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Secrets Revealed, Revelations Concealed: A Secret City Confronts Its Environmental Legacy of Weapons Production Author(s): Janice Harper Source: Anthropological Quarterly, Vol. 80, No. 1 (Winter, 2007), pp. 39-64 Published by: The George Washington University Institute for Ethnographic Research Stable URL: http://www.jstor.org/stable/4150943 Accessed: 27-11-2016 22:55 UTC JSTOR is a not-for-profit service that helps scholars, researchers, and students discover, use, and build upon a wide range of content in a trusted digital archive. We use information technology and tools to increase productivity and facilitate new forms of scholarship. For more information about JSTOR, please contact support@jstor.org. Your use of the JSTOR archive indicates your acceptance of the Terms & Conditions of Use, available at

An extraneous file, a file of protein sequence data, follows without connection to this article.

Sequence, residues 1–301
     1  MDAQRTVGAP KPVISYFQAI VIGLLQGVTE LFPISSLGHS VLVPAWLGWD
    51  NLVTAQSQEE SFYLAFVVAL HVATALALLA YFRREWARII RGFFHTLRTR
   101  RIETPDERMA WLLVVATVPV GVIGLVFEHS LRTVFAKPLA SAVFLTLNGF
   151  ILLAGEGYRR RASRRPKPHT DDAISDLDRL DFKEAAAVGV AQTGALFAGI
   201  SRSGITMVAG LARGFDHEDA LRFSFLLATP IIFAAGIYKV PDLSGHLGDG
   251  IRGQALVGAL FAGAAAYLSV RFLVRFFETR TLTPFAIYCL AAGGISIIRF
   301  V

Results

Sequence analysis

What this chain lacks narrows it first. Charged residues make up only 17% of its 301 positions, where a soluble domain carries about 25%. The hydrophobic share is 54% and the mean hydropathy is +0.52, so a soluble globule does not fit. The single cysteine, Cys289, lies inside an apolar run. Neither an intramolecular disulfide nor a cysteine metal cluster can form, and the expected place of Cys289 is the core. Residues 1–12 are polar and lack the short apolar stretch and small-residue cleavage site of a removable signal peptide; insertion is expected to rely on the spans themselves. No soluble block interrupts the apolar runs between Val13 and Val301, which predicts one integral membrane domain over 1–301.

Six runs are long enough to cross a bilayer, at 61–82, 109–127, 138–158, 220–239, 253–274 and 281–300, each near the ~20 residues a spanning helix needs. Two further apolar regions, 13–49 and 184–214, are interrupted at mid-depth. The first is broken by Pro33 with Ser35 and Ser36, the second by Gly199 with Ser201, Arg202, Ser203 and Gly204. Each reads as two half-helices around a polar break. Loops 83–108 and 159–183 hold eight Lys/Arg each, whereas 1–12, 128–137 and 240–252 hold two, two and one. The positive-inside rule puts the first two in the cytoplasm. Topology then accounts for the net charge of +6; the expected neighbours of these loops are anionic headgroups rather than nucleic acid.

The George Washington University Institute for Ethnographic Research is collaborating with JSTOR to digitize, preserve and extend access to Anthropological Quarterly This content downloaded from 198.246.186.26 on Sun, 27 Nov 2016 22:55:04 UTC All use subject to http://about.jstor.org/terms Secrets Revealed, Revelations Concealed: A Secret City Confronts its Environmental Legacy of Weapons Production Janice Harper University of Tennessee Abstract Oak Ridge, Tennessee was born as a planned and secret community established during World War 11 to contribute to the development of the first atomic bomb. Sacrificing their own civil liberties toward the goals of democracy and freedom, residents lived behind guarded fences and learned not to discuss their work with family, neighbors or co-workers. Their clandestine work became public following the bombing of Hiroshima, but the environmental legacies of weapons production increased and remained secret throughout the Cold War. In this paper, I discuss the cultural and environmental legacy of Oak Ridge and then draw on ethnographic interviews with residents, former workers, and participation in public hearings to show how the culture of secrecy has shaped the community of today, while efforts to confront the environmental legacy of the city continues to both unite and divide the community. I conclude that the history of secrecy has limited organized efforts to confront the ongoing environmental problems facing the community, while individuals act independently to investigate past and potential exposures. Paradoxically, however, the history of secrecy contributed to the development of a proud community with a commitment to environmental stewardship, democrat- ic principles, and concern for peace and stability that many outsiders have failed 39 This content downloaded from 198.246.186.26 on Sun, 27 Nov 2016 22:55:04 UTC All use subject to http://about.jstor.org/terms Secrets Revealed, Revelations Concealed to recognize in condemning the community as a showcase of military toxic waste. [Keywords: Oak Ridge, secrecy, radiation, risk perception, science and society, atomic bomb, depleted uranium] Introduction n the summer of 2005, the City of Oak Ridge, Tennessee celebrated the 60th anniversary of the end of World War II, by commemorating the city’s strange and fascinating history as a “Secret City” and its pivotal role in the development of the atomic bomb, where U-235, or “enriched” uranium was separated from natural uranium and delivered to Los Alamos. Yet the stories behind the scientif- ic achievements that made the bomb possible were not the sole focus of the Secret City celebration; the event was as much focused on stories of the commu- nity’s civic history when, in 1942, what was once sparsely-settled rural farmland was swiftly turned into a planned and controlled clandestine community of 75,000 people enclosed by a barbed-wire fence and patrolled by armed guards. This early “gated community” had seven gates through which few could pass, and its purpose concealed from not only the inhabitants of nearby Knoxville, but even from the state’s governor himself, until August 6, 1945, when Hiroshima was bombed and the secret city of Oak Ridge was at last revealed. This paper emerged from a broader ethnographic study on depleted urani- um and the impact its production and use has had on differing communities throughout the world. This empirical study has included extensive qualitative interviews and oral histories with former workers, scientists and managers of the Oak Ridge facilities, current and former residents, union organizers, pub- lic health specialists and civic leaders. In addition, from 2004 to 2005 1 attend- ed hearings of the Oak Ridge Local Oversight Committee, and from 2004 to early 2006, I attended numerous public hearings on environmental contami- nation, health concerns of residents and former workers of the Oak Ridge facilities, and Secret City festivals and protests organized by anti-war groups from outside the area. I first discuss the anthropological literature on secrecy, and then draw on historical, sociological, and published local histories, along with some of the oral histories I collected, to summarize the history of the development of Oak Ridge as a secret city and its transformation into a professional and techno- logical research center that is now more commonly regarded as a suburb of nearby Knoxville. I follow this discussion by presenting my empirical findings 40 This content downloaded from 198.246.186.26 on Sun, 27 Nov 2016 22:55:04 UTC All use subject to http://about.jstor.org/terms JANICE HARPER on how some individuals have responded to the legacy of secrecy as it has shaped contemporary environmental-health concerns. Secrecy and the Culture of Surveillance As Gusterson (2004) has shown, secrecy related to production is not unique; indeed, it is quite common in corporations where loyalty to one’s employer is internalized in much the same way that nationalism stirs unquestioning alle- giance to a flag and political-economic system. But when a company’s produc- tion or development secrets are at stake, or working conditions poor or unsafe, such voluntary loyalty may be insufficient to control production. Thus, employ- ee surveillance increases, not only of worker’s job performance, but of their bodies as well, such as the routine administration of testing employees’ urine for illicit drug use,’ or through random lie detector tests. In addition to such sur- veillance, workers are frequently required to sign contracts in which they agree not to reveal company secrets and/or to relinquish intellectual property rights to their own work product, thereby limiting their ability to publish or publicize their own achievements. And in nuclear weapons laboratories, as Gusterson (2004) has shown, surveillance of workers’ personal and sexual lives, finances, and political beliefs are routinely accepted as a normal condition of employ- ment. Moreover, Gusterson (2004) suggests that in such a climate of secrecy, knowledge is produced by scientists who sacrifice individual acclaim for their achievements in exchange for participation in social projects where their own contributions remain invisible. In this way, he suggests, scientists become work- ers who produce a product for the state, which owns and controls the ways in which this knowledge is produced and controlled. While such scholarship is the reverse of how knowledge is produced in universities (where professional advancement is based on one’s public record of contribution to the field), the invisibility of individual scientists in weapons production, and their lack of con- trol or ownership over the data they produce, becomes normalized. Thus, experiments, discoveries, and all types of data are hidden from public view and only selectively revealed to the public at the discretion of the governing author- ities who control its production and access. Reppy (1999) has pointed to the routinized way in which secrecy pervades our culture, indicating that it serves as a potent tool for social organization and control. But the contours of secrecy are less than sharp, she argues, cre- ating blurred boundaries between that which is concealed to the public, and that which is revealed. This ambiguity of secrecy contributes to the produc- 41 This content downloaded from 198.246.186.26 on Sun, 27 Nov 2016 22:55:04 UTC All use subject to http://about.jstor.org/terms Secrets Revealed, Revelations Concealed tion of knowledge and cultural practices in unique and important ways. First, while secrecy may facilitate production, it can also limit the dissemination of scientific findings and ideas. Second, while secrecy may create impenetrable boundaries that unite people as “insiders,” it can also create atmospheres of distrust among colleagues, neighbors, and friends. Merten (1999), for example, shows how the enculturation process into secre- cy that adolescent American girls commonly produce and participate in, is crit- ical to the formation of social identities that mark inclusion and exclusion into specific groups, and is a process that is continually negotiated and tested by those who participate. Identity as an “Oak Ridger” was forged as workers at Oak Ridge were admonished that they must keep secret not only the nature of their jobs (of which they themselves knew little), but also the nature of their person- al lives. These threats were enforced through both threats (of imprisonment or death if one were charged with treason, or of banishment from the communi- ty, if one lost one’s job), and through a process of socialization in which being entrusted with matters of national security made one an honored member of an exclusive group. In contrast, those who were not a part of this secret histo- ry remain to this day outsiders in many respects, viewed by many as unable to grasp the cultural legacy that has characterized the community of today. This outsider status has contributed to frictions within the community as issues of toxic exposures and environmental contamination are debated, leaving those who raise the issue subject to disrespect by many who feel that the sacrifices veterans of the Manhattan Project and Cold War era made toward national security are not well respected or understood by environmental critics. The meanings of secrets are not always clear. As Merten (1999) has suggest- ed, it is not learning the secrets themselves that is so important, as learning how to interpret the meanings of these secrets. In indigenous societies, for example, initiation rites often entail learning secrets, but the rules and expec- tations regarding secrecy are explicitly revealed to initiates. In contrast, in American culture, secrecy may well prevail among institutions and social rela- tionships, but not only are the rules and expectations often unclear and sub- ject to negotiation, but so, too, are the meanings attached to these secrets. At Oak Ridge, however, during the Manhattan Project and throughout the Cold War, the rules and expectations were very clear-one did not speak of one’s work to anyone, and one did not question rules, procedures, or even the objective of one’s work. To do so would be treasonous. The meanings attached to these secrets-what it meant to work at Oak Ridge, were also fairly clear. While working and living in secret at Oak Ridge had many meanings-chief 42 This content downloaded from 198.246.186.26 on Sun, 27 Nov 2016 22:55:04 UTC All use subject to http://about.jstor.org/terms JANICE HARPER among them, ending the war-keeping the secret also meant having housing and job security and avoiding the front lines-which for many young men and their families gave incalculable value to a secrecy not well understood, but trusted as critical to the wartime effort. But Howard (1987), who grew up in Oak Ridge during the Cold War era and was himself the son of a scientist at the Oak Ridge National Laboratories (ORNL), indicates that secrecy became so enculturated among Oak Ridge resi- dents that when the fences came down in 1949, the shared values of discre- tion and silence were so ingrained that the political climate of the Cold War only served to deepen the significance of secrecy in the area, while the mean- ings attached to this secrecy became less clear. …it was really after the war that secrecy in Oak Ridge became most per- vasive. The gates and fences were gone, yet secrecy persisted in the everyday life of the 1950s in subtle and powerful ways. There was still a formal apparatus to prevent the development of public knowledge- loyalty oaths, security clearances, lie-detector tests, badges and so forth-but what was most effective was an almost unconscious conspir- acy of silence in which secrets were protected by voluntary non-commu- nication. This was a culture of secrecy, which extended even to matters that weren’t military or classified. One result that might be surprising to outsiders is that it was possible to grow up in Oak Ridge and not have any idea how important a role the city continued to play in nuclear weapons production (Howard 1987:278). Howard’s observations reflect the critical difference between two classic books regarding secrecy and surveillance. In George Orwell’s classic 1984, secrets are maintained through surveillance and coercion. In contrast, in Aldous Huxley’s classic Brave New World, surveillance and coercion are far less necessary; by shaping thought, or through what Noam Chomsky has popular- ized as “Manufacturing Consent,” the values and belief systems of those in power can be so successfully enculturated into the lives and thinking of ordi- nary citizens, that coercion is no longer necessary. The really interesting thing to ponder is the way this emergency mentality